Monday, October 09, 2006

Oh, dear. Now I can't sleep.

I watched the PBS special on the Freedom Riders and CORE and the SNCC tonight, the one about the downtown Nashville boycott and the nationwide Woolworth's boycott in the early 1960's. And I was gobsmacked, as I am every time I see that special, that the sort of racism and hatred shown existed in my sister's lifetime. And I wondered, as I do every time I see that special, what the hell people were thinking.

Well, well. Then I clicked over to Pandagon. One of the commenters there, Pam Spaulding, has a website of her own as well called Pam's House Blend. You'd figure, being an outspoken Black feminist lesbian, that she'd have to take some shit from people who seem to crawl out of the sewers from time to time...but she linked to a Blogger site that blew. My. Mind. Not only is it chock-full of the sorts of things that make me nauseated, but it's primarily focused on her. Which makes it not only hate speech but harassment.

And yes, I tagged that sumbitch and then sent Blogger an email, pointing out the site, pointing out that it was harassment, and said please do something about this now thank you.

Every time I think we've evolved as a society I run across weirdos like that. Pure kooks. Pure hate-filled, bile spewing kooks that literally make me throw up in my mouth a little bit. And I wonder: what would I do if I had to take care of one of those people?

I mean, I'm in the South. And I've heard some real gems come out of people's mouths in the last few years. For some reason, the folks with brain tumors or massive strokes are rarely the ones with outspoken, bigoted views, who find it acceptable to use racial slurs in public. It's the people who've just had, say, a lumbar laminectomy. They don't even have the excuse of having had a hole cut in their head.

But by the time I hear that sort of garbage from one of my patients, I'm already committed to taking care of them for the day. So I slap them down, as politely as I can, by telling them that a) that sort of language is *not* acceptable to me, b) they won't use it in front of me, and c) they've had their one chance. Next time, they get another nurse.

And yeah, I have had to turn over care a couple of times to the charge. I hate to do it; I'd frankly rather just leave those folks in the bed, but somebody has to make sure their miserable little shriveled souls don't leave their bodies in an untimely fashion.

But. What would I do if, say, a Klansman came in for surgery?

I know they exist. I know some of them live around here, probably in the same neighborhoods as the Birchers and the disciples of Phelps.

Would I take care of that person? *Could* I? I mean, I have a duty not to harm, right? And I have a duty to serve. All that stuff in the Nightingale Pledge is stuff I agree to do every day when I put my clogs on and head out the door. But could I, in good conscience, agree to help heal and succor somebody that I figure is better off dead?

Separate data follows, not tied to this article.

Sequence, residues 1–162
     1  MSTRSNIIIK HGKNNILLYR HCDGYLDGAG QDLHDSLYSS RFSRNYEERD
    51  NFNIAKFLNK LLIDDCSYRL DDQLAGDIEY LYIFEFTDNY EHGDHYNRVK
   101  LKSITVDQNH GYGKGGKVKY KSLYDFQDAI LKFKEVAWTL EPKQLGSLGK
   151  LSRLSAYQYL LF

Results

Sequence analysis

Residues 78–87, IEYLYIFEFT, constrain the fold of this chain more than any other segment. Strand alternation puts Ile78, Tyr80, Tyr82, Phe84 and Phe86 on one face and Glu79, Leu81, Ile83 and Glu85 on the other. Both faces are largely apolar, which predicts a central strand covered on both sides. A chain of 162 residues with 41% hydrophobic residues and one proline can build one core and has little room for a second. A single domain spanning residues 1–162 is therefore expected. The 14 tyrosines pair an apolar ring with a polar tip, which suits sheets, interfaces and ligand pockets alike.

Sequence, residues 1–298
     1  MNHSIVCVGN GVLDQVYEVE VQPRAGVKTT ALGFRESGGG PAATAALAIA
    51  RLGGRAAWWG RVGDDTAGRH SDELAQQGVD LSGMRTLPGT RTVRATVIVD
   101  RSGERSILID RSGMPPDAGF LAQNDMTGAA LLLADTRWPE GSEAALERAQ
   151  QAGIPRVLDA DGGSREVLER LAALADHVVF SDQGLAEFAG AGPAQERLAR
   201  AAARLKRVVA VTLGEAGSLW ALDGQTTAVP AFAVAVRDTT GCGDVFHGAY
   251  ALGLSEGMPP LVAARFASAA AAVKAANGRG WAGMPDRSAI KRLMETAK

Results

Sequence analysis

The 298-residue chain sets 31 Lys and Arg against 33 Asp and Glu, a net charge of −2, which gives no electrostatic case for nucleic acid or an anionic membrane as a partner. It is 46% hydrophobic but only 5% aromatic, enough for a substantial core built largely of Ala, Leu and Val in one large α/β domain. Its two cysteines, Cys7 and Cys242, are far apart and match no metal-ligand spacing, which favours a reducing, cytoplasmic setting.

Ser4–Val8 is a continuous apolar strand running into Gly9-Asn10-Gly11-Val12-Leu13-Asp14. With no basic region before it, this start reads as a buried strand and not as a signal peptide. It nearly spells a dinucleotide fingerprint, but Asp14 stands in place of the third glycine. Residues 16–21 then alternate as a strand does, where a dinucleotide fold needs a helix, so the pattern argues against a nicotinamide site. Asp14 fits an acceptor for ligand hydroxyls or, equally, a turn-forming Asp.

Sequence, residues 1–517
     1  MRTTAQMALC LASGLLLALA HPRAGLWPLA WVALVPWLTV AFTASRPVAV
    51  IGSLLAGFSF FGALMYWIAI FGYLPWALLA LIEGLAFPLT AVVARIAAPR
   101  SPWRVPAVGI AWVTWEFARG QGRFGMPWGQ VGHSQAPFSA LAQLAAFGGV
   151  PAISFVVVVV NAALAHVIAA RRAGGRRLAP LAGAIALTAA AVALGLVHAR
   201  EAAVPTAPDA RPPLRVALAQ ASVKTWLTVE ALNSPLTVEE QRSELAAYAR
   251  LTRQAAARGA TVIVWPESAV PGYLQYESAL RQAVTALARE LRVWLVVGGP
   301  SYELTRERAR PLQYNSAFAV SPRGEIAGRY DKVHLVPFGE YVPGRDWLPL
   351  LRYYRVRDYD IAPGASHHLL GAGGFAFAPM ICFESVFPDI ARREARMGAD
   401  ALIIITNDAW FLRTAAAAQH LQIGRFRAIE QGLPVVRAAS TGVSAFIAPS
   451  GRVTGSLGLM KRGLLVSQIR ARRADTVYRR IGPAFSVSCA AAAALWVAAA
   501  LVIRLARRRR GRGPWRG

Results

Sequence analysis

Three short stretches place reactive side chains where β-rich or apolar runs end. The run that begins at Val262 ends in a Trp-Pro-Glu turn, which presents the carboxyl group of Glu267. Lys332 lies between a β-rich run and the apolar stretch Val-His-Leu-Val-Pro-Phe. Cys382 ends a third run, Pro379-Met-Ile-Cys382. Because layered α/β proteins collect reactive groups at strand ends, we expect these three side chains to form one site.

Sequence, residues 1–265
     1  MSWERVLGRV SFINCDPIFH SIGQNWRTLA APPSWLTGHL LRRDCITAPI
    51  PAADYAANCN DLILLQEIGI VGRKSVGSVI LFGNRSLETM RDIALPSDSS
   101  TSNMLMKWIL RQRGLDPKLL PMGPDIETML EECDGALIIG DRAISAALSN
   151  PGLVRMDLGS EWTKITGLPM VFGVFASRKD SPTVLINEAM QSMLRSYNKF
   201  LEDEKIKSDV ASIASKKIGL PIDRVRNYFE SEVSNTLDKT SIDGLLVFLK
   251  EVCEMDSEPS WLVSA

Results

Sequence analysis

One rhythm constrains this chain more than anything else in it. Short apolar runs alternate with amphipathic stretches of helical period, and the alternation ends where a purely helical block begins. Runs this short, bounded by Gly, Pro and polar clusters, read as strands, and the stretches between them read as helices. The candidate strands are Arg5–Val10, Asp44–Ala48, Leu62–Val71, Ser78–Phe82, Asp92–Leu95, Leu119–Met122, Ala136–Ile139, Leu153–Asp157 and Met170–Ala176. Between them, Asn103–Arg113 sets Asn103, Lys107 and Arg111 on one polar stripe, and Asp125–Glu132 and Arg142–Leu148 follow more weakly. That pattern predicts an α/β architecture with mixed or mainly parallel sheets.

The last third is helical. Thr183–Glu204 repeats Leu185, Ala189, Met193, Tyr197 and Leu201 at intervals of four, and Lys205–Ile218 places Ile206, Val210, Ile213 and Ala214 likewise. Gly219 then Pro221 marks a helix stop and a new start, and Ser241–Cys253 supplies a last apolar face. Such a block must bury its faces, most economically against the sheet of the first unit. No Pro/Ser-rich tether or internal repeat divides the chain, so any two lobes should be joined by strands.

What about a rapist? Child molester? The guy who starved his aunt to death? What if *he* came back? What about some dude who habitually beats up his wife? If I knew about it in advance, would I take them on?

All I know for sure is that if Red Peters shows up on my floor, he'd best be prepared to start his own damn IV.

5 comments:

Kate said...

You save them because you have two awful choices:

1) you believe that human life is worth something no matter how much its expression repels you

2) you do not want to be the kind of person who in 1960 would have let a Black guy die

In other words, you don't let your personal beliefs alter the care you give because the moral stench of the people who did it 46 years ago still nauseates you.

I, personally, thank God I am a technical writer.

may said...

it is hard, but you still will. like i do all the time.

DisappearingJohn said...

I actually do deal with this rather often, but in the "drunk driver who killed someone, but, due to his incredibly drunken limber state was barely hurt, and needs ED care"...

It really hurt last year when I got home and found out the person they had killed was a close friend... Lots of soul searching after that one...

I can't say it doesn't affect the care I give, I'm probably a little elss compasionate, and much less social, but our passion is care and healing, even if we don't like the person...

shrimplate said...

Nurses are allowed to say what they think.

Anonymous said...

I guess the real test is not how we treat those we like...but how we treat those we don't. Is not agreeing with someone's beliefs (even finding them abhorrent) a reason to deny them needed care? Would it be ok for a care provider to deny care to someone who is gay, or someone who is of a different religion?

I totally understand how it can be harder, and I'd never ask or expect you to like the person. Just to recognize that, horrible as their beliefs are, they're still a human being...and anyway, I can't see you stooping to their level, however much it may make you grind your teeth while dealing with them.